It is told of Rothschild that, seeing his fortune threatened by the Revolution of 1848, he hit upon the following stratagem: “I am quite willing to admit,” said he, “that my fortune has been accumulated at the expense of others, but if it were divided to-morrow among the millions of Europe, the share of each would only amount to five shillings. Very well, then, I undertake to render to each his five shillings if he asks me for it.”
Having given due publicity to his promise, our millionaire proceeded as usual to stroll quietly through the streets of Frankfort. Three or four passers-by asked for their five shillings, which he disbursed with a sardonic smile. His stratagem succeeded, and the family of the millionaire is still in possession of its wealth.
— Peter Kropotkin, from The Conquest of Bread
Peter Kropotkin would have found it ironic that, six score years after writing Conquest of Bread, the wife of a descendent of the powerful Rothschild banking family would host a conference on economic inequality. Lynn Forester de Rothschild, third wife of Evelyn Robert de Rothschild and CEO of E.L. Rothschild, a financial holding company, invited 250 fellow capitalists to a London conference to promote “inclusive capitalism.” Those invited collectively control $30 trillion of investment capital or roughly one third of the world’s total. Among those in attendance were Britain’s Prince Charles and former U.S. President Bill Clinton (Rothschild is a friend and past supporter of the Clintons). According to Rothschild, the reason they had all come was a concern that the public was beginning to think that business was not only incapable of solving society’s problems, but was in fact the source of what was wrong. She told one reporter that “Capitalism appears to be under siege.”
Rothschild is not the only capitalist to make such a surprising remark. In January, Tom Perkins, a silicon valley capitalist wrote a letter to the Wall Street Journal in which he compared progressives protesting inequality, like those of Occupy Wall Street, to the Nazis who carried out violent attacks on Jews during Kristallnacht.
The phrase “capitalism is under siege” goes back to the banking collapse and financial crisis of 2008, and subsequent election of Barack Obama. Drawing upon the anger of voters, candidate Obama promised change from the financial deregulation policies that had brought on the crisis, and the government bailout of the banks who were “too big to fail” (although once in power he did little to change such policies).
In the aftermath of the crisis, working families in the U.S. lost trillions of dollars in savings, lost homes or home-value, lost jobs, and saw their pension funds looted – all due to capitalist financial speculation. Yet the wealthy individuals, who caused the crisis, saw their lost wealth restored and even made money in the bargain as they used government bailout money to buy up smaller not-too-big banks and other firms for a fraction of their value. Naturally the working class majority is upset, but in the absence of worker-run organization, working people have not been able to do much about it, except vote against one pro-capitalist party or the other pro-capitalist party.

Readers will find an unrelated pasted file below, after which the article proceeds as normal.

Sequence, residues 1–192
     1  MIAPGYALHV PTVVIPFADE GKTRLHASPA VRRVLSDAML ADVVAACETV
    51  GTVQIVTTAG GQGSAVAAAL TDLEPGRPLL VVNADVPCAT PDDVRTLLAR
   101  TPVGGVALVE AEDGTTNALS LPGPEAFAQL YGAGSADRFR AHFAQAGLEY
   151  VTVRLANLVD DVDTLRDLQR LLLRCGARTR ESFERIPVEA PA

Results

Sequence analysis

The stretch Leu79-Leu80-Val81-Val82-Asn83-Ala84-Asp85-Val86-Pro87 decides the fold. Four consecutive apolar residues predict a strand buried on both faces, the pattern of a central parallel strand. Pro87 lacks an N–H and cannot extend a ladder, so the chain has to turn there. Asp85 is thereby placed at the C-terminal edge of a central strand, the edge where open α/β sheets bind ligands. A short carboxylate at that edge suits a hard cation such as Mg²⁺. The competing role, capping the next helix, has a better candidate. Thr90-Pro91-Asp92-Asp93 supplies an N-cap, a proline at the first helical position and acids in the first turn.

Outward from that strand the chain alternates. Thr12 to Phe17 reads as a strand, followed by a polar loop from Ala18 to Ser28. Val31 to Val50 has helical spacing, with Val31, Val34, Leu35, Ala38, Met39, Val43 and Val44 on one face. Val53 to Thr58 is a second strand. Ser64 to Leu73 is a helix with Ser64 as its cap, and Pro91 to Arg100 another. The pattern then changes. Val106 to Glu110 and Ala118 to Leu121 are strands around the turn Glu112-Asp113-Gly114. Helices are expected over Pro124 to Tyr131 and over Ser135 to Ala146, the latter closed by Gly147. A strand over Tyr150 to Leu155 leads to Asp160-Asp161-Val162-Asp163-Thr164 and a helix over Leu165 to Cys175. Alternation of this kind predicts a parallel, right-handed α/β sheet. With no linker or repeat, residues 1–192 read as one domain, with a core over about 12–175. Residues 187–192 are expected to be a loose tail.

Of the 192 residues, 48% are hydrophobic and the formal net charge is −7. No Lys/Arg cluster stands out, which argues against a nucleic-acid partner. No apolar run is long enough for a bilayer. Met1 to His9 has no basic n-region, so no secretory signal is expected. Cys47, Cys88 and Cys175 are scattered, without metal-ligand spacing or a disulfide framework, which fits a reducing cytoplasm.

The capitalists who attended the Inclusive Capitalism Conference know that things could change if some palliative measures are not taken. For most it was a matter of perception. Christine Lagard, head of the International Monetary Fund, said that the purpose of “inclusive capitalism” is to “restore faith in the financial system” by showing a concern for long-term growth over short-term profits. Other capitalists suggested that the investors need to be more concerned about the environment and good treatment for workers, as well as the middle class. For the most part it was a call for voluntary philanthropy, not regulatory reform, much less anything to do with wealth redistribution. Perhaps the most honest statement made to a reporter from NPR was that made by Scott Winship of the capitalist think-tank, the Manhattan Institute: “It sort of surprises me that you have a bunch of people in the investment community who view this as having a significant return on investment in some way, whether the return is in people patting them on the back and saying, ‘Thanks for caring about us,’ or in actual changes to policies.”
“Inclusive Capitalism” is an oxymoron, like “military intelligence,” “tough love” or “compassionate conservatism.” Capitalism is by its very nature, exclusive. Economic competition is the means, but monopoly is the goal. As Peter Kropotkin pointed out, capitalism is a form of warfare. The objective is neither equality nor liberty. The objective is to make others work as slaves, so that their sweat and sacrifice enriches the masters, who could never accumulate vast wealth from their own labor.
What has changed since Kropotkin’s time is not the nature of capitalism. What has changed is the extent to which the capitalists now depend upon the state. Had it not been for the financial role played by the various governments in bailing out the capitalists in time of economic crisis, the international economic system would have collapsed in 2008. The question is, if the working class must give up their own meagre resources to save the wealthy during economic crises, why keep bailing the capitalists out? Like the feudal aristocracy of the 18th century, is it not time to stop supporting these idlers in the 21st century?